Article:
This change was a recognition that how we define “beneficial uses” is subject to some evolution. What’s more, the term and how it is used in the Constitution seems to open the door to some subjective judgment. As water attorney Anderson pointed out, “Prior appropriation is built upon the idea of dynamic equilibrium—that you will have dry years and wet years … When issuing new water rights, we have to determine if water is available. It’s not really a beneficial use to start a farm with water available one out of 10 years … Would it be a beneficial use to raise rice in the Idaho desert?”

The SwanFalls controversy pitted Idaho Power, which had some of the state’s most senior rights, against 7,500 water users, primarily farmers upstream of the power facility. Photo: Historic American Engineering Record (Library of Congress)

A Watershed Moment at Swan Falls

If one considers the way water is used for irrigation versus the way it is used to generate electricity, it soon becomes obvious that there is an inherent tension between two major water users in Idaho. Irrigators pull water out of the river to put into the fields. While some of that returns to the aquifer and, ultimately, the river, much of it does not; it is lost to evaporation and transpiration. Hydroelectric power plant operators, on the other hand, want the water in the river. Higher flows mean more power generated and lower prices for consumers.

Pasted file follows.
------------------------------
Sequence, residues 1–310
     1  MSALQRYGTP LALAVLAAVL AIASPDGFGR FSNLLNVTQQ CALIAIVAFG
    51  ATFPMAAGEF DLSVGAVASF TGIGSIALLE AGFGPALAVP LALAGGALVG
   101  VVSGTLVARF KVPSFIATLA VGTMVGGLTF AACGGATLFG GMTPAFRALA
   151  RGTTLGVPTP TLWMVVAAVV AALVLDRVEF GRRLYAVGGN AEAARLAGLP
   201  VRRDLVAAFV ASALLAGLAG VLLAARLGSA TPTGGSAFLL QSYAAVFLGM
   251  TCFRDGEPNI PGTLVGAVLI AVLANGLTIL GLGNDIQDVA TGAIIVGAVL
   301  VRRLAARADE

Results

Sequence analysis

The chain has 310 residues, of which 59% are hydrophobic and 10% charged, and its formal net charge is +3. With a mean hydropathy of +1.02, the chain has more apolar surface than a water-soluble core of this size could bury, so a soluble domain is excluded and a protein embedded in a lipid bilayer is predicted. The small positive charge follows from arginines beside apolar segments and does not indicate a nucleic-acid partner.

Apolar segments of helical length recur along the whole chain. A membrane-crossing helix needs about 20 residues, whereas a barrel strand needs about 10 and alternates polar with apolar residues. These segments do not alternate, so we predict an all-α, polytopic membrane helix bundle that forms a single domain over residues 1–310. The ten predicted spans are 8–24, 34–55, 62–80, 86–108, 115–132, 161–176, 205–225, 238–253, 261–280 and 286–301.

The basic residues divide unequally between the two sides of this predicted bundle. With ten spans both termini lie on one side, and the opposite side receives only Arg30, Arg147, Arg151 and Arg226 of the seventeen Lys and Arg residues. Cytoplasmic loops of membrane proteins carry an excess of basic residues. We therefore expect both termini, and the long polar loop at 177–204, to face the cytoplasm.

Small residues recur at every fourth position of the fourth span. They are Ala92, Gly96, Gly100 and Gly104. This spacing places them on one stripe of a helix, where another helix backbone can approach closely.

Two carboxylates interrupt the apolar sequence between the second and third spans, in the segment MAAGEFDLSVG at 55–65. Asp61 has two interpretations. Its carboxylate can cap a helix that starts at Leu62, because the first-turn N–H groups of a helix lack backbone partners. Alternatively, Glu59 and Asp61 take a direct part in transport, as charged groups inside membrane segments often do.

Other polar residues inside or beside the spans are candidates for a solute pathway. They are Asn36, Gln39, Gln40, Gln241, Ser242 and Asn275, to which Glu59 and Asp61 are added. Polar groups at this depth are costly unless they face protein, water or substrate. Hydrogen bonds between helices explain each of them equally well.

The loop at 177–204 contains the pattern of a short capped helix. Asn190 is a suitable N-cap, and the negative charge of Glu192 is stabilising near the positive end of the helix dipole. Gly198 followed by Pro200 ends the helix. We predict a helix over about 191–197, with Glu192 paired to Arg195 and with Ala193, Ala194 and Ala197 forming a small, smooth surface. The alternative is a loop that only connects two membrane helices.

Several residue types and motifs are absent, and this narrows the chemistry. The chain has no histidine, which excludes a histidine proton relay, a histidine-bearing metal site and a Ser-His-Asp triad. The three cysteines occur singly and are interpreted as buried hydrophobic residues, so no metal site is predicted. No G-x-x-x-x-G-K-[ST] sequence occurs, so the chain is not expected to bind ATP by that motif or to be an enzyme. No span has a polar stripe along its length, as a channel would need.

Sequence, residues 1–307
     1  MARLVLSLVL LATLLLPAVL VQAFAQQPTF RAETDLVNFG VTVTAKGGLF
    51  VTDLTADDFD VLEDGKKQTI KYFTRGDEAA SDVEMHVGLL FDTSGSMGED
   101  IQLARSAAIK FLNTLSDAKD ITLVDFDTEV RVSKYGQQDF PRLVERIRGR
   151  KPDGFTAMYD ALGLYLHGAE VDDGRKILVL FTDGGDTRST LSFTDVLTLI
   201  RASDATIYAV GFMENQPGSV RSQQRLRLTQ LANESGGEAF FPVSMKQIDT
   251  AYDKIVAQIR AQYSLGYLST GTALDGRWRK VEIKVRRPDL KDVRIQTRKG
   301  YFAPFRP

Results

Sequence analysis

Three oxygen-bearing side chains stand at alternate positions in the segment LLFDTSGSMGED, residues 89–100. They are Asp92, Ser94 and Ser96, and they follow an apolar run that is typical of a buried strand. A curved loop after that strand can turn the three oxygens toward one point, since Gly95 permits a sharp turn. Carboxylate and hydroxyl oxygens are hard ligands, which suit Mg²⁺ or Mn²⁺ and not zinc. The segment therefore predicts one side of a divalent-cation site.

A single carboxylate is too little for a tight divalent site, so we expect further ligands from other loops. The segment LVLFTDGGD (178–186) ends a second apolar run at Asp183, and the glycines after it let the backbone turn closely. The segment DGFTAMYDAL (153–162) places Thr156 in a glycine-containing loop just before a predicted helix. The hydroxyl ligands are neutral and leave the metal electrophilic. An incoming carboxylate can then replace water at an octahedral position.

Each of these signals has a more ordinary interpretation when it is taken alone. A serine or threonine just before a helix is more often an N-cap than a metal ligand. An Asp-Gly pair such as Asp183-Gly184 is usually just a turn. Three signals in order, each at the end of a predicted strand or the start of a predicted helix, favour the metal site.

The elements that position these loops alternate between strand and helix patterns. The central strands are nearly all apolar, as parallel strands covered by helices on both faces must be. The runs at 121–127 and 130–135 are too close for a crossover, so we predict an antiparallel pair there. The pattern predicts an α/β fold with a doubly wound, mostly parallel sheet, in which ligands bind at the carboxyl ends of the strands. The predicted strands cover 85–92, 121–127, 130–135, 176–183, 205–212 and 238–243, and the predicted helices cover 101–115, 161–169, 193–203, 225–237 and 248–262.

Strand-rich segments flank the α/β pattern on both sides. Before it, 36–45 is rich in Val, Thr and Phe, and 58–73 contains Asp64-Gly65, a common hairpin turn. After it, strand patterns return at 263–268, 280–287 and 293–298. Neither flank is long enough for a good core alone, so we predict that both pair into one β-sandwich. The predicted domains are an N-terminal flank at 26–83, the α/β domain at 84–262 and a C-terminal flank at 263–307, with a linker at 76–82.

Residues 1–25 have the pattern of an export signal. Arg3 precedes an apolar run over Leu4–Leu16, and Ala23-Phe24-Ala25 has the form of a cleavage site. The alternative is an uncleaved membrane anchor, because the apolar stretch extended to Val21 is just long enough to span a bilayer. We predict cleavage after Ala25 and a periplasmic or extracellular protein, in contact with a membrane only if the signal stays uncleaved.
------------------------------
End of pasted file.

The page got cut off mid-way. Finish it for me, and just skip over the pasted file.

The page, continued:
This tension approached a breaking point in the late 1970s and early 1980s when a group of Idaho Power Company ratepayers filed a complaint claiming the company had not fully protected its senior water rights (a 1901 priority) from those with junior rights upstream of the dam, which belonged primarily to irrigators. Had Idaho Power done so, ratepayers claimed, flows would be higher at Swan Falls and electricity rates would be lower.

A lawsuit ensued, and, ultimately, the Idaho Supreme Court ruled with the ratepayers. With ruling in hand, Idaho Power sued 7,500 water rights holders upstream of the dam demanding a curtailment of their junior water rights. In effect, Idaho Power had the legal right to shut off water to all 7,500 farmers upstream of them.